'Bump stocks' just one chip in Congress' partisan gamble on gun control

A legislative response to mass killings is elusive on Capitol Hill. Lawmakers cannot settle on a solution. However, there are lots of alternatives when it comes to potentially curbing gun violence.

Background checks. Banning so-called “bump stocks” or regulating them. Increasing open-carry provisions. Or just leaving things the way they are.

But would any fix the problem?

Taking action on any plan entails compromise. So far, the sides just aren’t willing to do that. And in a paradoxical twist, the butchery in Las Vegas last week may give Republicans the chance to pass controversial firearm legislation of their own, which Democrats vehemently oppose.

(Official State Photo)

Let’s start with Rep. Carlos Curbelo, the Florida Republican who is rolling out a ban to bar “bump stocks.”

“After so many years of trying to reach a bipartisan compromise on gun legislation, it looks like we may have a breakthrough here,” Curbelo said recently on the Fox Business Channel.

But closely parse the statement by the National Rifle Association on the “bump stock” issue.

“The NRA believes that devices designed to allow semi-automatic rifles to function like fully-automatic rifles should be subject to additional regulations,” said the NRA.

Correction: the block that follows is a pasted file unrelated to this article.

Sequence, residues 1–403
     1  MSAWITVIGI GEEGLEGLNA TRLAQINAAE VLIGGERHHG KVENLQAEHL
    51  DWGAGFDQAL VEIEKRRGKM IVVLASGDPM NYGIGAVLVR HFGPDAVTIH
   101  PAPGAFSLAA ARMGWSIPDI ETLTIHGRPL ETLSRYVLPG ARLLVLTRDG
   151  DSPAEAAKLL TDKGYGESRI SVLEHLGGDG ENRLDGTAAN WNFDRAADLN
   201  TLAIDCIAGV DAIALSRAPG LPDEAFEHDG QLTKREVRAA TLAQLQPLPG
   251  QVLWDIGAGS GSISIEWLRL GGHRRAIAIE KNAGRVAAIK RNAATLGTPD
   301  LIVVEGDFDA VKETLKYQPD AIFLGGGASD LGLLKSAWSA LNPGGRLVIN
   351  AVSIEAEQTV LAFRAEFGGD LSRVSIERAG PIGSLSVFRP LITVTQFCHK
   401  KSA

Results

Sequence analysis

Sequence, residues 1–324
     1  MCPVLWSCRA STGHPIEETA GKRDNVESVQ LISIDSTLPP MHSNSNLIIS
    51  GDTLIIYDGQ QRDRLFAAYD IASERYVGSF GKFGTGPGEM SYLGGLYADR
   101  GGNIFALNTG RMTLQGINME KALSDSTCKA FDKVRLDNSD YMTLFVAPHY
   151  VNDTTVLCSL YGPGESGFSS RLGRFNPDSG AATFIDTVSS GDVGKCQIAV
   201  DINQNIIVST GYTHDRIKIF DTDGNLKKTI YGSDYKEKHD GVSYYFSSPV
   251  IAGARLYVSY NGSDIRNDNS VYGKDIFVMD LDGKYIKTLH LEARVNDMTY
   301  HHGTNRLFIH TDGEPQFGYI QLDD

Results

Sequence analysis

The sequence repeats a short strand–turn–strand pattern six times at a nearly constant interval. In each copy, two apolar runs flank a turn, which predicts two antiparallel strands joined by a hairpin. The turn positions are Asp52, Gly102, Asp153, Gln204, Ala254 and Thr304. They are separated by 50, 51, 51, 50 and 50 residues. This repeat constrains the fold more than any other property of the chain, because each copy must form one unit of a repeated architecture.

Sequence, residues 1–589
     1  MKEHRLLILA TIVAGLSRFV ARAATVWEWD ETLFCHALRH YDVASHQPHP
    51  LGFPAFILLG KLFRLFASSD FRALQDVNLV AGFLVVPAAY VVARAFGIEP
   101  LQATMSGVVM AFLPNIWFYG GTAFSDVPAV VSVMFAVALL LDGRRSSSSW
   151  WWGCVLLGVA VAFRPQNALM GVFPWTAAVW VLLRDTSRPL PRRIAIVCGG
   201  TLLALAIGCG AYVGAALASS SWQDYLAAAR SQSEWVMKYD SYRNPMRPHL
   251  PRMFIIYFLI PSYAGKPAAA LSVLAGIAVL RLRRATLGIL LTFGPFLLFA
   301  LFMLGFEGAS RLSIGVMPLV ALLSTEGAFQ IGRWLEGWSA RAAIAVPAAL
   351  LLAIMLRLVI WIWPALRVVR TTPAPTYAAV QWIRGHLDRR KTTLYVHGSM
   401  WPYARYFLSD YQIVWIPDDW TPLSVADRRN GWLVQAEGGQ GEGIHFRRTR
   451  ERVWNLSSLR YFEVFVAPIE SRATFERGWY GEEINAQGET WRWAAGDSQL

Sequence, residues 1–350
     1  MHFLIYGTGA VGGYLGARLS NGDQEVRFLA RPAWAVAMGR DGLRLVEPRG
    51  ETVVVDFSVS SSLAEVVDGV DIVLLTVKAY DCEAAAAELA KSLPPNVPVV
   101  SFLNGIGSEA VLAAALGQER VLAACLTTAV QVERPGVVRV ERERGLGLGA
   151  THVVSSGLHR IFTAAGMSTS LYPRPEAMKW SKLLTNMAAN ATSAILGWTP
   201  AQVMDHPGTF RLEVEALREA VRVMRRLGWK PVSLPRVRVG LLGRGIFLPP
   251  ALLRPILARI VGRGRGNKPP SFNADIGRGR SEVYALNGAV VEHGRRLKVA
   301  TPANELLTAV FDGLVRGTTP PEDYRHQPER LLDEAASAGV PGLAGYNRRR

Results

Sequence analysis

At first blush, some perceived the statement as a departure from the NRA’s usual hardline stand. But the group says it may be in order for “additional regulations” for “bump stocks,” not a prohibition.

That’s where the compromise part gets hard.

Would lawmakers like Curbelo -- and probably a host of Democrats -- be willing to compromise on “bump stocks” if it didn’t prohibit them but just imposed more regulations?

Must it be a full-on ban? Would the NRA accept something beyond beefed-up regulations? And as long as we’re talking about “bump stocks,” wouldn’t Second Amendment-defending Republicans insist that Democrats compromise on something, too?

How about permitting expanding concealed carry permits across state lines? What about the sportsman’s bill to make it easier to obtain suppressors and silencers? Isn’t that what compromise in Congress is all about? Accepting half-loaves? Horse-trading?

House Minority Leader Nancy Pelosi, D-Calif., speaks with reporters on Capitol Hill in Washington, Wednesday, Sept. 20, 2017.

House Minority Leader Nancy Pelosi, D-Calif., speaks with reporters on Capitol Hill in Washington, Wednesday, Sept. 20, 2017. (AP Photo/J. Scott Applewhite)

“A background check is a compromise. There are many more things (congressional) members want to do,” said House Minority Leader Nancy Pelosi, D-Calif. “They’re going to say, ‘If you give them a bump stock, it’s going to be a slippery slope.’ I certainly hope so.”